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public abstract class Person {

    private String name;

    public Person(String name) {
        this.name = name;
        System.out.println("Person");
    }

    public String getName() {
        return name;
    }

    abstract public String getDescription();    
}


public class Student extends Person {

    private String major;

    public Student(String name, String major) {
        super(name);
        this.major = major;
    }

    public String getMajor() {
        return major;
    }

    @Override
    public String getDescription() {
        return "student" + super.getName() + " having" + major;
    }

}

public class PersonTest {

    public static void main(String[] args) {

        Person person = new Student("XYZ", "ABC");
        System.out.println(person.getDescription());

    }

}

Ques: We cannot create objects of abstract classes, then why Person Constructor has been invoked, even its an abstract class?

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1  
    
because its an abstract class there can be some private fields that may need to be intialized. –  pmu Apr 21 '10 at 11:08

8 Answers 8

Because it's still a class and its constructor is invoked as a part of the object instantiation. The fact that it is abstract doesn't have anything to do with this.

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Then why Person object cannot be created explicilty, [violating what Java Spec says] –  mohit Apr 21 '10 at 9:18
1  
@mohit: because it is abstract, you can't invoke it directly, but you can still call it using super(name);, as you did. –  Alberto Zaccagni Apr 21 '10 at 9:23
1  
@mohit: if we were able to instantiate Person, what whould you expect getDescription() of the new instance to return? The whole idea is that Person is some kind of "template" with blanks in it, to be implemented by subclasses. –  Eyal Schneider Apr 21 '10 at 9:26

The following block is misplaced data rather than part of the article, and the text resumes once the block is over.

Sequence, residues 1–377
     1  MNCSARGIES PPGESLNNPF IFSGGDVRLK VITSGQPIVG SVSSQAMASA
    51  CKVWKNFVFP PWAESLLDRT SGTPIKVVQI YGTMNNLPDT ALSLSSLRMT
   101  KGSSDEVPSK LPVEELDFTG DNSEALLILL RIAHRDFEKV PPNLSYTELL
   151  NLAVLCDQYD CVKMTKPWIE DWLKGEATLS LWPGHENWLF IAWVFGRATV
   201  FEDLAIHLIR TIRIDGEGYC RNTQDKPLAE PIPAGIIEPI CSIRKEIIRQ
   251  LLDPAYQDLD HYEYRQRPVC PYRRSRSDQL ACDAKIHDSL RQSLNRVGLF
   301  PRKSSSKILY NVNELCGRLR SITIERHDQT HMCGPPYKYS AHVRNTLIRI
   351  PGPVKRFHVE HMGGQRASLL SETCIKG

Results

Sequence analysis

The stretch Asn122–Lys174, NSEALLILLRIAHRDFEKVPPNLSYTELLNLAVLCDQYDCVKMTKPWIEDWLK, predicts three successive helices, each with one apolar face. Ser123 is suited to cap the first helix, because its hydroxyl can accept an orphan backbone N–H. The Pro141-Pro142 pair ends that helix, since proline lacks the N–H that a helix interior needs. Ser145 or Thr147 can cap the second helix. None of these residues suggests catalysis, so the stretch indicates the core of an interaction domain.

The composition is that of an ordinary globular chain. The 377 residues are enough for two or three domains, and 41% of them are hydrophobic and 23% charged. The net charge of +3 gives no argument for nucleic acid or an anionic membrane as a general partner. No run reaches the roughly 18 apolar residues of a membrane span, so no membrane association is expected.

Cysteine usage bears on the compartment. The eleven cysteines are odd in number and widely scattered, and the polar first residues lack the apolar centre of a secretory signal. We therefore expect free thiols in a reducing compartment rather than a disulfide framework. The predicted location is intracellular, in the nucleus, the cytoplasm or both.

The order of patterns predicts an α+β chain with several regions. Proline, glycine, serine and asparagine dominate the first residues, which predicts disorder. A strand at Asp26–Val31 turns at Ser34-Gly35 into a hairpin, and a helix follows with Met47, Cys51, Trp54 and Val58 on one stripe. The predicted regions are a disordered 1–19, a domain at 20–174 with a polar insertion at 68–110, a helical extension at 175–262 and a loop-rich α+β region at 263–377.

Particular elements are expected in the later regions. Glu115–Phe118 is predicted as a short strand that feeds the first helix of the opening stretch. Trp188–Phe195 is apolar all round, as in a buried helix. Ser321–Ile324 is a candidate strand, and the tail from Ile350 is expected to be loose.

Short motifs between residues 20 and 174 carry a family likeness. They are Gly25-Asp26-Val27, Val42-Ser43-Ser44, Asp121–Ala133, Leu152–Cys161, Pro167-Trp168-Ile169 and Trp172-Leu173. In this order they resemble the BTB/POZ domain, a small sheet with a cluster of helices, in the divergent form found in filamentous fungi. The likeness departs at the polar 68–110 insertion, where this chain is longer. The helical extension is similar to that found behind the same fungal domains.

Ques: We cannot create objects of abstract classes, then why Person Constructor has been invoked, even its an abstract class?

If a class is declared abstract, no objects of that class can be created. That DOESNOT mean you cannot create objects of its subclasses.

You can have references(of type abstract class) refer to a subclass(non abstract) object.

Person person = new Student("XYZ", "ABC");

And in order to construct a Student object, you need to have the "person" parts of the student initialized, thats what exactly the constructor of the abstract super class is called for.

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What you can't do is to create an instance of an abstract class. As a Student is 'partly' a Person super(...) initializes the 'Person part' of the student, it does not create a Person.

I hope you understand what I try to say

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The constructor is just a method like others. And you are calling it explicitly from your child class' constructor with:

super(name);
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Even if i remove Person constructor, default will be called. –  mohit Apr 21 '10 at 9:17

The Person constructor is invoked from the Student class. From the Java tutorials

An abstract class is a class that is declared abstract—it may or may not include abstract methods. Abstract classes cannot be instantiated, but they can be subclassed.

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An abstract class can have constructors - they cannot be invoked directly, but only as part of constructing a subclass instance, via a call to super() in the subclass constructor.

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One cannot make an instance of an abstract class but subclasses can call super(name);. Even though it is a constructor, it is just another method.

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The Abstract class is a part of your overall concrete class. An Abstract class is a class that is allowed to defer many parts to its concrete implementations but it must still initialize itself.

As such it has a constructor and as such the constructor with any parameters it requires to set itself up.

When you call the super(...) method from your Student class you are explicitly calling the constructor in the Person template class. The super() call must be in the first line of the Person constructor so if your person class wishes to override the defaults set up by the Person() constructor, then you have that option. But exactly one person constructor MUST be invoked when you extend a class (Abstract or concrete).

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